Johnson, veteran of Obama campaign, joins McKenna Long

Tharon Johnson is that rarest of Georgian: A Democrat with a major winning streak.

Now the Atlanta native, who ran President Barack Obama’s re-election bid across the South including the key state of Florida, has parlayed his success into a major job with the powerhouse law firm McKenna Long & Aldridge.

Johnson, 34, has signed on as a managing director and will work in the firm’s national governmental affairs unit, lobbying and consulting at the state and federal level.

He was Obama’s 2012 national southern regional director and led the campaign to a narrow win in Florida and a close loss in the other battleground state of North Carolina. Both states were decided by fewer than a million votes.

Before working for Obama, Johnson was a lobbyist with Piedmont Public Affairs after leading Kasim Reed’s successful bid for Atlanta mayor. Johnson also ran winning campaigns for U.S. Reps. John Lewis and John Barrow and Labor Commissioner Michael Thurmond. He served on Lewis and Barrow’s staff.

That experience allows the firm to meet specific needs at the local, state or federal level, said Eric Tanenblatt, who leads its governmental affairs unit.

Johnson, whose first involvement in politics was as a 4-year-old at his mother’s side as she helped Democrats in Athens, said he had to choose between the public and private sectors.

“It was tough,” Johnson said. “I had a lot of offers. I just right now want to continue to build on my long career in governmental affairs and in the public sector while in a private entity. I made the decision right now that I can best serve Georgia and the (Obama) administration by continuing to be one of these people who are not in the administration but can support them.”

At McKenna Long, Johnson joins a bipartisan roster of heavy hitters including Democrats Gordon Giffin, former U.S. ambassador to Canada; former U.S. Rep. Buddy Darden, and former Georgia attorney general Thurbert Baker; as well as Republicans like former Georgia Speaker of the House Mark Burkhalter, R-Johns Creek and Tanenblatt, a national finance committee co-chairman of the Mitt Romney campaign.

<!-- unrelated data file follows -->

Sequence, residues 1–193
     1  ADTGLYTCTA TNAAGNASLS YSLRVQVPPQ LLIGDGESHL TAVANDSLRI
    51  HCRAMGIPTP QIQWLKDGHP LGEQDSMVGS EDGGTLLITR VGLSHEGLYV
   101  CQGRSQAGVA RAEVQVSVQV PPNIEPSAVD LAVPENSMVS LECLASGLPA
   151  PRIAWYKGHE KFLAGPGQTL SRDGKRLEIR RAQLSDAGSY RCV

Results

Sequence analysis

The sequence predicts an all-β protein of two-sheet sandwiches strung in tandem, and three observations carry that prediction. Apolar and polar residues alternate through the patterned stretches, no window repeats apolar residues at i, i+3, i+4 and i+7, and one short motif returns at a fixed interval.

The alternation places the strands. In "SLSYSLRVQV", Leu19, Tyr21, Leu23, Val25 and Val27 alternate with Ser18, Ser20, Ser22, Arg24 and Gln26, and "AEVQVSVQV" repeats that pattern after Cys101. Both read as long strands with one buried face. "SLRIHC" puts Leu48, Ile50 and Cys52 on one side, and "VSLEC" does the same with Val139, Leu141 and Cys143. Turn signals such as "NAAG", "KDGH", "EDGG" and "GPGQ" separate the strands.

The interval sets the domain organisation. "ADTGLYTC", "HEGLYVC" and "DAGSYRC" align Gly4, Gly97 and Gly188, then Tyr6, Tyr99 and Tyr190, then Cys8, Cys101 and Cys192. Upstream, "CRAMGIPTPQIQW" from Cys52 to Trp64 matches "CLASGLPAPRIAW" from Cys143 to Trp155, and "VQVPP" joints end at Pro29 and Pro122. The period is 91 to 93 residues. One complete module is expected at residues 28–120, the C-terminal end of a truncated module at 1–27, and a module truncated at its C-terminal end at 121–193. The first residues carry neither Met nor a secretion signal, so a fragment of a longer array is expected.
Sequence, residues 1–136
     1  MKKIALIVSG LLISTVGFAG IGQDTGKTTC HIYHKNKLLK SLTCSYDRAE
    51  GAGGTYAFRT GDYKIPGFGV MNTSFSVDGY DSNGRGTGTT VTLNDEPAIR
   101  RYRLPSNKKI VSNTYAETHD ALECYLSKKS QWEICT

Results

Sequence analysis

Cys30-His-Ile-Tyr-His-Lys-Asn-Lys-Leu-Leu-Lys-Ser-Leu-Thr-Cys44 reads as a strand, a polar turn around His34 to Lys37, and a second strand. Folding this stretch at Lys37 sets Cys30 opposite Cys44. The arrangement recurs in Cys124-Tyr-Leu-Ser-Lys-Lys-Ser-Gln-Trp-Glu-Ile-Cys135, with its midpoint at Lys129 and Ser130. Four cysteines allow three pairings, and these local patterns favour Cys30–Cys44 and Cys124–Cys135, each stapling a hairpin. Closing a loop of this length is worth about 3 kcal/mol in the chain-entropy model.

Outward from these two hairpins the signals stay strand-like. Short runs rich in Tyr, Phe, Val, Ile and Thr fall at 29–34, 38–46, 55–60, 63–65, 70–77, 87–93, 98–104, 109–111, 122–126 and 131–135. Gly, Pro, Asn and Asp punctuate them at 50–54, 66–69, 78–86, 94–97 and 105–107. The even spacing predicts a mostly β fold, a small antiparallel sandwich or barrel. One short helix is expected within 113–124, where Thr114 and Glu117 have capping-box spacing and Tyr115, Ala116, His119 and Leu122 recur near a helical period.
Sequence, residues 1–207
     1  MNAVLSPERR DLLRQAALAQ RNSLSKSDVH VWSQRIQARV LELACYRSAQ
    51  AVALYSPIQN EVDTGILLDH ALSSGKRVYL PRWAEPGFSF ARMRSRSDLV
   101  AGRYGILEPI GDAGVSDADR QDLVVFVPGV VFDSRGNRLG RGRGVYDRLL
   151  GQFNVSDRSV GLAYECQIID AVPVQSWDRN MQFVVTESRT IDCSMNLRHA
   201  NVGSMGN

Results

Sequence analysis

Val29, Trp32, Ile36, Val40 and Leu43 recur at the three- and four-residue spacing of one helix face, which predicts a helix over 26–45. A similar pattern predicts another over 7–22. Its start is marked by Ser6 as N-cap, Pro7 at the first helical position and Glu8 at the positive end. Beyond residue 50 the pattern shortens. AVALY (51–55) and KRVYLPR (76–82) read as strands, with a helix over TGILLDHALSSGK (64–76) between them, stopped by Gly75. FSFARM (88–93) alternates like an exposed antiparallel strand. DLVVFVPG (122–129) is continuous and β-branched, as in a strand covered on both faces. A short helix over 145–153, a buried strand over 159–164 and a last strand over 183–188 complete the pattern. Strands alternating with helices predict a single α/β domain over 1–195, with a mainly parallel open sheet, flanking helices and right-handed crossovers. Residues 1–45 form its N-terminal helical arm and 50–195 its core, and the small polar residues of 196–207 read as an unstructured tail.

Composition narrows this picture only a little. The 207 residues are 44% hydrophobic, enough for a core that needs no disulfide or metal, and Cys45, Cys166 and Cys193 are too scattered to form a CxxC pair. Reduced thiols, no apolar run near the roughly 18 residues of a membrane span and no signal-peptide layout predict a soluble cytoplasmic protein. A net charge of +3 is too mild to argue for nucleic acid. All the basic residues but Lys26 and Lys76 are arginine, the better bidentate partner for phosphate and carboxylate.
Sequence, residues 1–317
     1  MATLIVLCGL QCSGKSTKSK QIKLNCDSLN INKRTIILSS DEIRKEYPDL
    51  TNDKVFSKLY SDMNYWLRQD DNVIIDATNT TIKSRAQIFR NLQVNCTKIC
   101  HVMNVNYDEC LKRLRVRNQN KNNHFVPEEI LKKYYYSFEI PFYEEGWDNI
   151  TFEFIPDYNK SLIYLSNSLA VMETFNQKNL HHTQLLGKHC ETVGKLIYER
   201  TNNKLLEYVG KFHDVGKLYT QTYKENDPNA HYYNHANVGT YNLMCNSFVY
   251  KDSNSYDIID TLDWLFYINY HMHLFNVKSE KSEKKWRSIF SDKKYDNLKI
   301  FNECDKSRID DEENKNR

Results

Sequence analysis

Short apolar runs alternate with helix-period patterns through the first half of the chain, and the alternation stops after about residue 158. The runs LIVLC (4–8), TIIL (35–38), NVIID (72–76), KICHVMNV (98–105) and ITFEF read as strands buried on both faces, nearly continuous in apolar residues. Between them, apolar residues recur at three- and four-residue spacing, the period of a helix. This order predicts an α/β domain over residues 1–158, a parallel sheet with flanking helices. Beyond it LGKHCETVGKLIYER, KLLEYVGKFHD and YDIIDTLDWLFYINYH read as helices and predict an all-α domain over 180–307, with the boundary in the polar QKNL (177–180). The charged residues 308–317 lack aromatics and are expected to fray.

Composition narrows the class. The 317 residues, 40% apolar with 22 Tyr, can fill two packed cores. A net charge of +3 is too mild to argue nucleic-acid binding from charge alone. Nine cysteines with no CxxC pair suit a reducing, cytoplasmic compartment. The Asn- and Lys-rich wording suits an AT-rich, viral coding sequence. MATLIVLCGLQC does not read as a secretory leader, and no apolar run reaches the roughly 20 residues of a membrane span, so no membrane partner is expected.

McKenna has long sought to bolster its ranks on both sides of the political aisle, said Tanenblatt, who was recruited after the 2000 presidential race. Tanenblatt had chaired George W. Bush’s Georgia campaign while firm partner Keith Mason led Vice President Al Gore’s operation here.

After Bush won, Mason asked Tanenblatt to come aboard. Georgia politics at the time were still dominated by Democrats. Mason, Tanenblatt said, knew the Democratic-aligned firm needed strong GOP representation with Bush’s rise.

Now the political tide in Georgia has shifted to the right even as Obama was re-elected. Tanenblatt said Johnson will help the firm continue to work effectively in Washington and in Atlanta.

His new job will allow Johnson to have a presence in both cities, something he said was a key for him.

“I had to be in D.C.,” he said. “If you’re going to be a national player you have to have a presence in D.C. But my love and work in Atlanta — I didn’t want to lose that either.”

Reed, for whom Johnson also served in city government, thinks his former aide made the right move.

“After you make the kind of personal and financial sacrifices he’s made the last two years it’s the appropriate decision to go and rebuild the treasury, if you will, and get some experience in a firm that is best in class in the city and state,” Reed said.

The mayor, however, might still call on Johnson’s services for his own re-election bid this year.

“I gotta believe if I was in the teeth of the campaign they might loan him to me for a little while,” Reed said. “I think his fees might be higher.”